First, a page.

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A Course of Lectures on Dramatic Art and Literature
August Wilhelm von Schlegel
Visualização completa - 1871
A Course of Lectures on Dramatic Art and Literature, Volume 1
August Wilhelm von Schlegel
Visualização completa - 1840
acquainted action admiration AEgisthus AEschylus Agamemnon allowed altogether ancient appears Aristophanes Aristotle beauty Ben Jonson Calderon character chorus circumstances Clytemnestra comic writers composition considered Corneille critics death degree dignity display dramatic art effect Electra elevation endeavours English entertainment Eumenides Euripides everything exhibited expression favour feeling foreign French tragedy frequently give Grecian Greek tragedy Greeks Hence heroes heroic honour human idea imagination imitation intrigue invention Italian labour language Lope de Vega manner masks means Menander merely Metastasio mind modern Molière moral nations nature never noble object observe old comedy Orestes original passion peculiar persons picture pieces Plautus players plays poet poetical poetry possess principles produce Racine representation resemblance respect Roman scene Shakspeare Shakspeare's Sophocles Spanish Spanish poetry species spectators spirit stage taste theatre theatrical things tion tone tragedians tragic true truth unity verse Voltaire whole
Página 351 - Piece out our imperfections with your thoughts ; Into a thousand parts divide one man, And make imaginary puissance ; Think, when we talk of horses, that you see them Printing their proud hoofs i...
Página 280 - How absolute the knave is ! we must speak by the card, or equivocation will undo us. By the Lord, Horatio, these three years I have taken note of it ; the age is grown so picked that the toe of the peasant comes so near the heel of the courtier, he galls his kibe. How long hast thou been a grave-maker? First Clo. Of all the days i' the year, I came to 't that day that our last king Hamlet overcame Fortinbras.
Página 196 - Between the acting of a dreadful thing And the first motion, all the interim is Like a phantasma, or a hideous dream : The genius, and the mortal instruments, Are then in council; and the state of man, Like to a little kingdom, suffers then The nature of an insurrection.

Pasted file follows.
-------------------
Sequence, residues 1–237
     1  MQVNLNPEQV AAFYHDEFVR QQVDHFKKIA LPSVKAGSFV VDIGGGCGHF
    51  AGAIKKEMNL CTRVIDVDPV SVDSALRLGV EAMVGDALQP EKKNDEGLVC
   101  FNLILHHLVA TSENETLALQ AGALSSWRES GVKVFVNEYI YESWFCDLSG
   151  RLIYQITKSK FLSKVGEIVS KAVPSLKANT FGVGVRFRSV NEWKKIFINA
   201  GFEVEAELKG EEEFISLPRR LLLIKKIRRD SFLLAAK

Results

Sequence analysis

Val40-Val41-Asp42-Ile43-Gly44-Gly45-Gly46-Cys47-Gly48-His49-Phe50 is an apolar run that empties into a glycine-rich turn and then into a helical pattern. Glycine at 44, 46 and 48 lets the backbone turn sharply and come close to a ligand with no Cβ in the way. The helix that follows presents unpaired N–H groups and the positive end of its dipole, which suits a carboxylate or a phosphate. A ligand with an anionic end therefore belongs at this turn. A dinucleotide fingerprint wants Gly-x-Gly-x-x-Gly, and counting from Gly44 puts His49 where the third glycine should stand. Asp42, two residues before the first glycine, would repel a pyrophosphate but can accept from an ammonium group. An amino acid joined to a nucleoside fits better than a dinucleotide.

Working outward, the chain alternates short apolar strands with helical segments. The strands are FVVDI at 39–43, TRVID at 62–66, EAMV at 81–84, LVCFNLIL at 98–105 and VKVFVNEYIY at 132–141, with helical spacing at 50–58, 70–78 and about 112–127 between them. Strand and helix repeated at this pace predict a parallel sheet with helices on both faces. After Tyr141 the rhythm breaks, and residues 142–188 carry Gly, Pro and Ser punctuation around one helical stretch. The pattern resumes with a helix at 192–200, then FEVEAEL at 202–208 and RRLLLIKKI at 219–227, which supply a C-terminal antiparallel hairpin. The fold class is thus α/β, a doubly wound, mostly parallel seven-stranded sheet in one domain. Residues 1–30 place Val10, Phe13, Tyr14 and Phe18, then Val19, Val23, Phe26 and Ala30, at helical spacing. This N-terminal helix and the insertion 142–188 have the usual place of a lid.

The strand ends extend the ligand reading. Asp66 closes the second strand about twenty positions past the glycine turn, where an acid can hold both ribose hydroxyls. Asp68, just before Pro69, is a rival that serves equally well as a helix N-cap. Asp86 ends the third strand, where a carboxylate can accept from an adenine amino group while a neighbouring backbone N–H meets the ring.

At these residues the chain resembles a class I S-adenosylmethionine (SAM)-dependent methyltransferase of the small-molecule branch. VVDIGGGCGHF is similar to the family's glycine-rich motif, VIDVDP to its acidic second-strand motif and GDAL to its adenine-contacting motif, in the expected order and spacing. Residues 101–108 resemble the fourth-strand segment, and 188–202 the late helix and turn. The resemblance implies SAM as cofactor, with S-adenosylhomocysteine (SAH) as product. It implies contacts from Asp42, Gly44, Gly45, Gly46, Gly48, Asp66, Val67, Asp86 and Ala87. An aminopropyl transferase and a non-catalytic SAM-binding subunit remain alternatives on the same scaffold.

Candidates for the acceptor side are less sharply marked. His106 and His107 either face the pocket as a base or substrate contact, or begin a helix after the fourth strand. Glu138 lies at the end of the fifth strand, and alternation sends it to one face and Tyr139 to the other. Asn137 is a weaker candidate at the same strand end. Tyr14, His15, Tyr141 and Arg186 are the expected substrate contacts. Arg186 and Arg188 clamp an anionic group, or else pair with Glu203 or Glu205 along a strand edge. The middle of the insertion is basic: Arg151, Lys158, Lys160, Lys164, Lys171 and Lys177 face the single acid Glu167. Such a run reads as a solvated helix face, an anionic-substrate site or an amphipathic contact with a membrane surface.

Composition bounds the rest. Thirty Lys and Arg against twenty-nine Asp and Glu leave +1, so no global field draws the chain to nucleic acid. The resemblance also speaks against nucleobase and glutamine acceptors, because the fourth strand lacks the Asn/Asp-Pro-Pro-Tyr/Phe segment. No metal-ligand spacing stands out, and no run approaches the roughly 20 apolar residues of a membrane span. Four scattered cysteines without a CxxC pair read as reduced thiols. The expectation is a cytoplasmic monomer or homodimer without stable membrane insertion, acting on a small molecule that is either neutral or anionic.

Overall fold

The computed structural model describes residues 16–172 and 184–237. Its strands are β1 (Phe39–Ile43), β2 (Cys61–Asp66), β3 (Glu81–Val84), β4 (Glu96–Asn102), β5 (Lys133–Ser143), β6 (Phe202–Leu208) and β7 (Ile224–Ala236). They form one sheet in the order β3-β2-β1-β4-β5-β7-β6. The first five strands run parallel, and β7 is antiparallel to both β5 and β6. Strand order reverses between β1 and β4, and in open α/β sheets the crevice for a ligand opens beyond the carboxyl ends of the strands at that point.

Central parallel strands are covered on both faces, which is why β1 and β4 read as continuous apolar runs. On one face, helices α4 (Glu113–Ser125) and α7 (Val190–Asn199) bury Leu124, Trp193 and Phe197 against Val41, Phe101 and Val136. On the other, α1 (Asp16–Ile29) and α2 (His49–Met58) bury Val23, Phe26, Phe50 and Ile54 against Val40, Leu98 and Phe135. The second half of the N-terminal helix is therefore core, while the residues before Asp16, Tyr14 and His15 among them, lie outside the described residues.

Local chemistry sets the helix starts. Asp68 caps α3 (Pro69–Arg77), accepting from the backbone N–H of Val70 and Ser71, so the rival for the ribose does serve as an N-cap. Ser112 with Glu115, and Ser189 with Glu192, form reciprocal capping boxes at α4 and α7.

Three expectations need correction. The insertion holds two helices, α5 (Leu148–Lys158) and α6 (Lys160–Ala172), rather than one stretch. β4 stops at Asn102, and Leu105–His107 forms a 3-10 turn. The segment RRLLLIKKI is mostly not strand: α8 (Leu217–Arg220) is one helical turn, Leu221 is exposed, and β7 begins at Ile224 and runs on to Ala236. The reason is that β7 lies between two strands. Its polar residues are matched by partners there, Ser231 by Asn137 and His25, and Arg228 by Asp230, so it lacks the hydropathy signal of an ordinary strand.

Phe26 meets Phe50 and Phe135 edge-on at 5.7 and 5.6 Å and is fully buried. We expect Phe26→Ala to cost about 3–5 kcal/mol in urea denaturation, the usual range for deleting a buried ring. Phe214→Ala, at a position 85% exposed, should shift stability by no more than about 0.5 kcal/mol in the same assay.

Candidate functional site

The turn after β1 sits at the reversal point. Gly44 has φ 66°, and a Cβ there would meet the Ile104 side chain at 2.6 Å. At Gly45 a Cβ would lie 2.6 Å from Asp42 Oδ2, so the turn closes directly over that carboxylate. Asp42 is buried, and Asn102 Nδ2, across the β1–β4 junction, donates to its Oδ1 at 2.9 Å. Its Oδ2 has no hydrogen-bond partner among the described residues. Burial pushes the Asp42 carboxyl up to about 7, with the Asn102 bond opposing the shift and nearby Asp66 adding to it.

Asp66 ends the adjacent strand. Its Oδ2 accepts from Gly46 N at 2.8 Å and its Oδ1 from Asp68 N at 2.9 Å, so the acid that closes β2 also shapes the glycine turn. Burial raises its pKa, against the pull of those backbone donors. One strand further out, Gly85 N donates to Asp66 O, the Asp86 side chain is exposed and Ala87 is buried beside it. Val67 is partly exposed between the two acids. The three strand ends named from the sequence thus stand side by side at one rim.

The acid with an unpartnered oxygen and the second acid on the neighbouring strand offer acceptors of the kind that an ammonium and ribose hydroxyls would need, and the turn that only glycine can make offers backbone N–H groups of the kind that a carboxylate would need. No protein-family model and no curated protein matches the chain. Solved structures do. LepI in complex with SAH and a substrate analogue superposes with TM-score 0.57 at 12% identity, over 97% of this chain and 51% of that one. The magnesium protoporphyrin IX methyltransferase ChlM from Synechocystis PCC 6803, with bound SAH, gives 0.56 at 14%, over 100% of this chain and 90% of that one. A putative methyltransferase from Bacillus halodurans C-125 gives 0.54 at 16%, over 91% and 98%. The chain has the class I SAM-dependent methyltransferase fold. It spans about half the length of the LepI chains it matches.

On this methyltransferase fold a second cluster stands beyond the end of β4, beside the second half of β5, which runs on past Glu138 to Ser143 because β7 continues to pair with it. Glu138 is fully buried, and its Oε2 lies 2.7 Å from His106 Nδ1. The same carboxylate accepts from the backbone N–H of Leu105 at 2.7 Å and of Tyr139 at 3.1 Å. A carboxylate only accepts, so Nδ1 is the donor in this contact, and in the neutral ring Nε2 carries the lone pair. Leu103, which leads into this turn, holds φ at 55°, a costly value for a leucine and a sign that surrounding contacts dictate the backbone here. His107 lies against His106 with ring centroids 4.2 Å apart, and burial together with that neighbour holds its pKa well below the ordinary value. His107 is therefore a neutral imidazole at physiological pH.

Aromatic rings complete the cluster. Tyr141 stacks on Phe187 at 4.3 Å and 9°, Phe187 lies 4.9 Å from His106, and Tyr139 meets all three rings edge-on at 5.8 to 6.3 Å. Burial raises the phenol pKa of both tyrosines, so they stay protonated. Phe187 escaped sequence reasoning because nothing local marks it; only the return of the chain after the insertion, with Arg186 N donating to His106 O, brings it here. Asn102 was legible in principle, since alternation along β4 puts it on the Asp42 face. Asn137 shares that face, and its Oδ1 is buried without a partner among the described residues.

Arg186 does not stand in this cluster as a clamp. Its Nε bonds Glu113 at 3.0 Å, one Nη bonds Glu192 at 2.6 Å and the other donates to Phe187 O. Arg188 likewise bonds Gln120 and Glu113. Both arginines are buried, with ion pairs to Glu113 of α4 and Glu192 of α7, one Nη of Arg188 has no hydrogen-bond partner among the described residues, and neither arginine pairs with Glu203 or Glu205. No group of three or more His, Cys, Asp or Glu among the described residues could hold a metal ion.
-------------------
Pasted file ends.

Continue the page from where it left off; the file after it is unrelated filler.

Página 321 - Say, there be ; Yet nature is made better by no mean, But nature makes that mean ; so, o'er that art Which, you say, adds to nature, is an art That nature makes.
Página 299 - This fellow is wise enough to play the fool; And to do that well craves a kind of wit. 60 He must observe their mood on whom he jests, The quality of persons, and the time, And, like the haggard, check at every feather That comes before his eye. This is a practice As full of labour as a wise man's art.
Página 292 - He paints, in a most inimitable manner, the gradual progress from the first origin ; " he gives," as Lessing says, "a living picture of all the most minute and secret artifices by which a feeling steals into our souls, of all the imperceptible advantages which it there gains, of all the stratagems by which every other passion is made subservient to it, till it becomes the sole tyrant of our desires and our aversions.
Página 282 - O, for my sake do you with Fortune chide, The guilty goddess of my harmful deeds, That did not better for my life provide Than public means which public manners breeds. Thence comes it that my name receives a brand, And almost thence my nature is subdued To what it works in, like the dyer's hand...
Página 296 - ... properties subsist in him peaceably together. The world of spirits and nature have laid all their treasures at his feet: in strength a demi-god, in profundity of view a prophet, in all-seeing wisdom a guardian spirit of a higher order, he lowers himself to mortals as if unconscious of his superiority, and is as open and unassuming as a child.
Página 323 - By the manner in which he has handled it, it has become a glorious song of praise on that inexpressible feeling which ennobles the soul and gives to it its highest sublimity, and which elevates even the senses themselves into soul...